Yoshida Purchases Champers Elysees

Teruya Yoshida (centre) | Tattersalls


Teruya Yoshida of Shadai Farm has purchased the recent G1 Matron S. winner Champers Elysees (GB) (Elzaam {Aus}) from Dublin-based syndicate Fitzwilliam Racing.

The 3-year-old filly was selected by trainer Johnny Murtagh and Eddie Linehan for €28,000 from the 2018 Tattersalls Ireland September Yearling Sale and was one of 10 yearlings in Fitzwilliam Racing's third intake. She broke her maiden on her fourth start at The Curragh last year and was second in Naas's Birdcatcher H. She has gone unbeaten in four tries this year, winning at handicap and listed levels before taking Gowran's G3 Fairy Bridge S. on Sept. 2 and the Matron on Irish Champions Weekend over 2020 Classic winners Peaceful (Ire) (Galileo {Ire}) and Fancy Blue (Ire) (Deep Impact {Jpn}).

Murtagh tweeted, “We are delighted to welcome Mr. Yoshida of Shadai Farm to Fox Covert Stables. Champers Elysees will now run in his famous colours. Her next intended engagement is the [G1] Sun Chariot S. on Oct 3.”

Yoshida is no stranger to purchasing top-class race mares in Europe; other such buys in recent years have included the G1 Prix de Diane winners Avenir Certain (Fr) (Le Havre {Ire}) and La Cressonniere (Fr) (Le Havre {Ire}), as well as six-time Grade/Group 1 winner Stacelita (Fr) (Monsun {Ger})–who has given him a Japanese champion and Classic winner in Soul Stirring (Jpn) (Frankel {GB})–and the G1 Prix de l'Arc de Triomphe and G1 King George VI and Queen Elizabeth S. winner Danedream (Ger) (Lomitas {GB}), whose fourth foal, a Dubawi (Ire) colt, will be offered by Newsells Park Stud (lot 112) at next month's Tattersalls October Yearling Sale.

Champers Elysees has proven a homerun for Fitzwilliam Racing, which was established by Johnny and Orla Murtagh, Paul McKeon and Mark Flood and is comprised largely of Dublin-based business men and women.

“It is effectively a bunch of guys and girls from Dublin city who are in banking, investment or property, but liked racehorses,” explained Flood, a private equity investor with a family background in the Thoroughbred industry, his father and brother being the owners of Boardsmill Stud. “The first year we got 14 to 16 together and had somewhere north of half a million. We bought nine yearlings the first year, eight the second year and I think it was 10 the third year. From the 17 in the first two years I think there were 12 or 13 winners. Probably the highest rated was a horse called Baba Boom (Ire) (Thewayyouare). The third year there weren't as many winners, but Champers Elysees was in there.”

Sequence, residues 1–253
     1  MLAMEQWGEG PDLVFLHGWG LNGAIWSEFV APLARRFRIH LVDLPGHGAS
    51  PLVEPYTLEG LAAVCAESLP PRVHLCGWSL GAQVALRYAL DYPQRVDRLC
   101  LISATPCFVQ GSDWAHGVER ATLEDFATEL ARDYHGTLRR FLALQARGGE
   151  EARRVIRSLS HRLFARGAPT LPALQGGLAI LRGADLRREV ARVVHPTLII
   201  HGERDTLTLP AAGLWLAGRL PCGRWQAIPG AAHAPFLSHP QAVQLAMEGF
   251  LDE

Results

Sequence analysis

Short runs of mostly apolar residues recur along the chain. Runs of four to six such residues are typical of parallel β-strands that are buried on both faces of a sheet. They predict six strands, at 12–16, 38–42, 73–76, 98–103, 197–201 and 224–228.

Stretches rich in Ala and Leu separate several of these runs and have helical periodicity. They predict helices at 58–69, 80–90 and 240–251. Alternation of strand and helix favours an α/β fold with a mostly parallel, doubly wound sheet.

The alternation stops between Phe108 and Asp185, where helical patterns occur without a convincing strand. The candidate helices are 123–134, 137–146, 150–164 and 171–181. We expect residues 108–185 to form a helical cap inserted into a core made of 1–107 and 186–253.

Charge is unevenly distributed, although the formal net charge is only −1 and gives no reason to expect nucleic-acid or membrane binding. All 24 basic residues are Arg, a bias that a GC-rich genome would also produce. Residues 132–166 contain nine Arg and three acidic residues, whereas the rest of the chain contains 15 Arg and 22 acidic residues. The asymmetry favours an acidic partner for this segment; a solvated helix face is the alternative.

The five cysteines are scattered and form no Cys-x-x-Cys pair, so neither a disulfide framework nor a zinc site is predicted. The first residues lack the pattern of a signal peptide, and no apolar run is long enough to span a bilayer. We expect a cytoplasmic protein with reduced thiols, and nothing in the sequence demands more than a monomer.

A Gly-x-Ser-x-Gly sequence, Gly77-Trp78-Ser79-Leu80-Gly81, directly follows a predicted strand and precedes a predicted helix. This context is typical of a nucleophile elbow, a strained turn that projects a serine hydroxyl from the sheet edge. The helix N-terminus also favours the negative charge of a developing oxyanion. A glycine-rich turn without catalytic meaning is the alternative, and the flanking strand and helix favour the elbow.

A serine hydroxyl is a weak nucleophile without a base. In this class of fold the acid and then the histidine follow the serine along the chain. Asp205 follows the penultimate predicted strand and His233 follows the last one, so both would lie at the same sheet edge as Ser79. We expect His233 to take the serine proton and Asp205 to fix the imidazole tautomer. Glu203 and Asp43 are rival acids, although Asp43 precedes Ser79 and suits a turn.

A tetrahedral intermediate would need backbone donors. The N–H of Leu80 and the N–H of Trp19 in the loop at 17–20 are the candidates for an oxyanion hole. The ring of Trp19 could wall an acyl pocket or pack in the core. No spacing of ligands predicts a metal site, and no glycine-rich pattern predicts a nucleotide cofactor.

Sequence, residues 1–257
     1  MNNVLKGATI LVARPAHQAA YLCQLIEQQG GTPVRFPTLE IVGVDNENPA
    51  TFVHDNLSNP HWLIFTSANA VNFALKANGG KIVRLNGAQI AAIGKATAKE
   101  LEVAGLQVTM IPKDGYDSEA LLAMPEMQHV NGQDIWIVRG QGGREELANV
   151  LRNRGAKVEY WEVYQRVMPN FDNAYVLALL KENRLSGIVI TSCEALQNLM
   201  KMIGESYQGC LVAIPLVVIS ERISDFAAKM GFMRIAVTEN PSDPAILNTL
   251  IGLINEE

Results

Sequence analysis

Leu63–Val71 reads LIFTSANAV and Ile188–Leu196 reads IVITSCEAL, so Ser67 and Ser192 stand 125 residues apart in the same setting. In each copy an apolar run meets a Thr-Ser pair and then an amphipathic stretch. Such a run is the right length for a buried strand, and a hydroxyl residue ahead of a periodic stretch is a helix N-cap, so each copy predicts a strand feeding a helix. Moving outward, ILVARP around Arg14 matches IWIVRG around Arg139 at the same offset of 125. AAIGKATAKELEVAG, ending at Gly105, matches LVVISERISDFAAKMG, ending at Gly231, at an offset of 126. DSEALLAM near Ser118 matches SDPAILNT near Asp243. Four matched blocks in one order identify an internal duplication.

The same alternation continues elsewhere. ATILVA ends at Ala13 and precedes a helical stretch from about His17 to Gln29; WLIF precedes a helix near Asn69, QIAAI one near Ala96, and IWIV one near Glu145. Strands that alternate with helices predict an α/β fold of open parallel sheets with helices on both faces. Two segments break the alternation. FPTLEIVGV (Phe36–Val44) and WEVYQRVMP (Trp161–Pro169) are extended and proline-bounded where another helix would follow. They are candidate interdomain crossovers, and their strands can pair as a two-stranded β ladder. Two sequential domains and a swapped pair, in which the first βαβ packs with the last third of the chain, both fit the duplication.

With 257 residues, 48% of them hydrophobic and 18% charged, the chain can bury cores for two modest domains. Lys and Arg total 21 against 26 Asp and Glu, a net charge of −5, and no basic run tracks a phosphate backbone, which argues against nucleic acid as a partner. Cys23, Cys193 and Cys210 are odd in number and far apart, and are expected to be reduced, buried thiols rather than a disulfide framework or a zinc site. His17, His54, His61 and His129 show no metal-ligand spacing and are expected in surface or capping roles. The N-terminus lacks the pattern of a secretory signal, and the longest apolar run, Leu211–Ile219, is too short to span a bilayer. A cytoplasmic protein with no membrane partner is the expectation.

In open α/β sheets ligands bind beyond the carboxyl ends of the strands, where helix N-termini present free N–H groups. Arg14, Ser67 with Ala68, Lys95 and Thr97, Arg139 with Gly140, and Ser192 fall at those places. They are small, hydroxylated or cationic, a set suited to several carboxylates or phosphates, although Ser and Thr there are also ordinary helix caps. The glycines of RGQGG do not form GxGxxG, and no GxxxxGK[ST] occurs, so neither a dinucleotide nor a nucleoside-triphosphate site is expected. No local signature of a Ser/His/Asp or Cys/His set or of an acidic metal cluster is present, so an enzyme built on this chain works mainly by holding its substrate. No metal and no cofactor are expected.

In addition to Champers Elysees, the Fitzwilliam flagbearers have included the aforementioned Baba Boom, a three-time winner on the flat who was later sold to JP McManus to race over jumps; and Urban Beat (Ire) (Red Jazz), a £20,000 yearling from the first partnership who won a listed race last year at four and is still competitive at that level, having been second in Doncaster's Listed Scarborough S. on Sept. 9.

“There is nobody get paid out of this; there is no management fee, it's not a commercial enterprise in any way, it's just a partnership of like-minded people and it's 100% Johnny and Orla with Paul,” Flood said. “We've had around 30 horses in Fitzwilliam and then some of the people that got in with us have had other horses with Johnny, but they all love Johnny and Orla because they're just so honest and hardworking; it's like a breath of fresh air with everyone you're dealing with. But it wouldn't be alive now without Paul McKeon leading it as chairman.”

Flood added, “It's similar to Highclere in the sense that it's people in the city; there are some that aren't but that's the core profile, city workers who love their racing and they're all passionate about it and they're likely to go again for what's going to be the fourth Fitzwilliam syndicate.”

Johnny Murtagh and Eddie Linehan purchased seven yearlings in partnership at this week's Tattersalls Ireland September Yearling Sale and were also active during the first session of the Goffs Sportsman's Sale in Doncaster on Thursday. Flood confirmed that some of those yearlings would enter the Fitzwilliam syndicate, but that those designations would be made at the end of the sales season.

The Fitzwilliam group has in past years enjoyed days out at Royal Ascot and winners at the Galway Festival. While the celebration of Champers Elysees's Matron win looked different than normal, Flood said the owners didn't let the opportunity pass them by, enjoying a socially distanced barbecue.

“It was just an amazing day and the whole syndicate has been amazing,” Flood said. It's been a great journey and they've all had a ball. People aren't in it to make money, they're in it for the fun and they're getting an honest ride with Johnny, and Johnny and Orla have invested their own money in it as well.”

Selling Champers Elysees is the next chapter in the success story.

“The model was always to get them rated as high as they can, sell and recycle the money in the fund,” Flood said. “It's really David and Goliath stuff. There are probably 1,000 yearling fillies every year, and she comes out on top at €28,000. You couldn't make it up.”

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